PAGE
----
Below are excerpts from the 3 November 2020 publication in BM Global News. For the full story click here.
Biotechnology May Derail Natural Initiatives
Anne Petermann wrote in the Scranton Times-Tribune that planting these genetically altered trees opens the door for other risky genetically engineered plants. The fact is a wild tree cannot be replaced by a genetically altered facsimile. Peterman says this is “not restoration, but an uncontrolled experiment with our forests.
It is impossible to have the American chestnut trees in numbers that were living in the early 1900s. However, there are other areas of research currently underway to help the species recover. The first is breeding for resistance. Researchers have experimented with crossbreeding Chinese chestnut trees with the American chestnut.
However, the Chinese chestnut is much shorter and spreads wide instead of going tall and straight. While the process has been slow, The American Chestnut Foundation has had some success in developing a hybrid that is 15/16 American chestnut with selection for resistance and form. They are boosting seed production of a line of trees that appear to be blight-resistant to plant at test sites.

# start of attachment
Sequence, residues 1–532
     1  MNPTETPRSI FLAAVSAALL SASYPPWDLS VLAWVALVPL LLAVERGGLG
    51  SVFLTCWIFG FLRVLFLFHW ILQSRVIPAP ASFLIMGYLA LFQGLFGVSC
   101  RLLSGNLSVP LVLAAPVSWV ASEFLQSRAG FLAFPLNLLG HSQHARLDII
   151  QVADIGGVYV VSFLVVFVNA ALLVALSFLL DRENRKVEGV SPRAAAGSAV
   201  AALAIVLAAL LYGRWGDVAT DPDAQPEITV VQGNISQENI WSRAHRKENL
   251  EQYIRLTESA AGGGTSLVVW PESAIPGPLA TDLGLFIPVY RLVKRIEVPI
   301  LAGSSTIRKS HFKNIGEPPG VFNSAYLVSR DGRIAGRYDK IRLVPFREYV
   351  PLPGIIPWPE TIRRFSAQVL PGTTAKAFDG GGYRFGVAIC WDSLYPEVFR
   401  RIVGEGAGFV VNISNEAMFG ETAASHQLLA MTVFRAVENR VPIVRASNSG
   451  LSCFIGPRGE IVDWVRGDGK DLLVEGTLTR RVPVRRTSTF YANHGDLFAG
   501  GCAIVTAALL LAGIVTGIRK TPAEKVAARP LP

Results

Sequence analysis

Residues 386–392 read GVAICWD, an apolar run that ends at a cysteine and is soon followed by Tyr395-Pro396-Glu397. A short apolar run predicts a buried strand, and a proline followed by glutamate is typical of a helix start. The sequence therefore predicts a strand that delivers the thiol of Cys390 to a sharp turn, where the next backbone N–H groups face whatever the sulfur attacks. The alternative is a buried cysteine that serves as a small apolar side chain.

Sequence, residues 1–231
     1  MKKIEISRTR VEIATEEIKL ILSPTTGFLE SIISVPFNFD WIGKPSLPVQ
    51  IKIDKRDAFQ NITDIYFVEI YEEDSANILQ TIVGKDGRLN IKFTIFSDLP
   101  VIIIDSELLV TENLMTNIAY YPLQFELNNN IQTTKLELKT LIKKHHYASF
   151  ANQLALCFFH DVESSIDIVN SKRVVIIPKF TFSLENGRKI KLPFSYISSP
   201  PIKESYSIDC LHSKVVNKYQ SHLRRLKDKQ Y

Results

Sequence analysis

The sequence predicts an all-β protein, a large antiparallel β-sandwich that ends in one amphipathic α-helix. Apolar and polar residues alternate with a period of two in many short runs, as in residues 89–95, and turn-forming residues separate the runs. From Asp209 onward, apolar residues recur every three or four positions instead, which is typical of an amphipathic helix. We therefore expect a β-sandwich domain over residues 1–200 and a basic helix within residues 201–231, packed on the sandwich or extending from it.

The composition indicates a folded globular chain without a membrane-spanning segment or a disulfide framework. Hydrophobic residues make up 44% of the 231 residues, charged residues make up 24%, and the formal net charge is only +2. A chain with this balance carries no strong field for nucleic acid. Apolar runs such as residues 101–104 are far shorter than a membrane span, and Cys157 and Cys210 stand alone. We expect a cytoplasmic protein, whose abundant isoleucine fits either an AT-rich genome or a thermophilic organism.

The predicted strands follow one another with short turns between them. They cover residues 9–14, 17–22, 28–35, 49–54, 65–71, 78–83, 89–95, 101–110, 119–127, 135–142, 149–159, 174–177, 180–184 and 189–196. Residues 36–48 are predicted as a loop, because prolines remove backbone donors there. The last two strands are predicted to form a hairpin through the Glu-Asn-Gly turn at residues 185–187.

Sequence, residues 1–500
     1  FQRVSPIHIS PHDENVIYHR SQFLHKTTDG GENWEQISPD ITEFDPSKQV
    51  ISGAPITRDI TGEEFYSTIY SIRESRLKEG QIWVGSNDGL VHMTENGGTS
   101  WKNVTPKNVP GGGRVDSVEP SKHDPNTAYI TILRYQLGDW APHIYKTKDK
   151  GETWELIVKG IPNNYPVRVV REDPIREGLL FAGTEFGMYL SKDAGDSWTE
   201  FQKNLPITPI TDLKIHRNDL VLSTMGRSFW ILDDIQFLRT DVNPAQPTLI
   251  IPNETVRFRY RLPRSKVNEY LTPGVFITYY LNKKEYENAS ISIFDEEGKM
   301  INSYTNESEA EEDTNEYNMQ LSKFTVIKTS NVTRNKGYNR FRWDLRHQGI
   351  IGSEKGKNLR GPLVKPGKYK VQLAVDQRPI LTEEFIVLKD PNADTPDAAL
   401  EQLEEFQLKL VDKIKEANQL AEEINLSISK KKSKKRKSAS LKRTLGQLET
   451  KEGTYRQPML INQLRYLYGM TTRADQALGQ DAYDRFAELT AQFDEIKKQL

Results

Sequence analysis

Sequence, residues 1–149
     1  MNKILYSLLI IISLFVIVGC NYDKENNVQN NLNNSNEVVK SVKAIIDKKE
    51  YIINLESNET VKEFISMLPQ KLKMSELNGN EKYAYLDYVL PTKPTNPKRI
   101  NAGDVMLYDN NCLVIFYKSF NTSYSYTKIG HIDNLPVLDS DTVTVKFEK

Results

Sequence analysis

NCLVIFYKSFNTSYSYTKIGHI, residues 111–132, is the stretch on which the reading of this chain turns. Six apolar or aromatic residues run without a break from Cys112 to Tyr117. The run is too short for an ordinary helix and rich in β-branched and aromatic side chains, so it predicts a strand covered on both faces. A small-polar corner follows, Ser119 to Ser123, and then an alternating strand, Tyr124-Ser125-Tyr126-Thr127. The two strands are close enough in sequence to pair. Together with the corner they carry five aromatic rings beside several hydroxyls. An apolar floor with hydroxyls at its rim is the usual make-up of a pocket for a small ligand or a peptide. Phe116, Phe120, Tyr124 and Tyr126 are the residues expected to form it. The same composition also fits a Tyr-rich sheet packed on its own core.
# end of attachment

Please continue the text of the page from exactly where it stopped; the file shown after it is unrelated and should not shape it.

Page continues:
Another line of research has been aimed at lowering the virulence of the fungi. Experiments with infected European chestnut trees show the fungi had developed hypovirulence or had become less toxic to the trees. Researchers found double-stranded RNA within the fungi they later discovered was a virus. The virus caused the fungus to become less virulent.
This treatment has shown some promise in Europe and Michigan. Unfortunately, it has not had the same success along the eastern shores of North America. Researchers have been able to therapeutically treat individual infections, but using this strategy at a population level depends on nature. Petermann believes the genetically altered trees threaten to derail the reintroduction of natural trees.
For the full story visit BM Global News.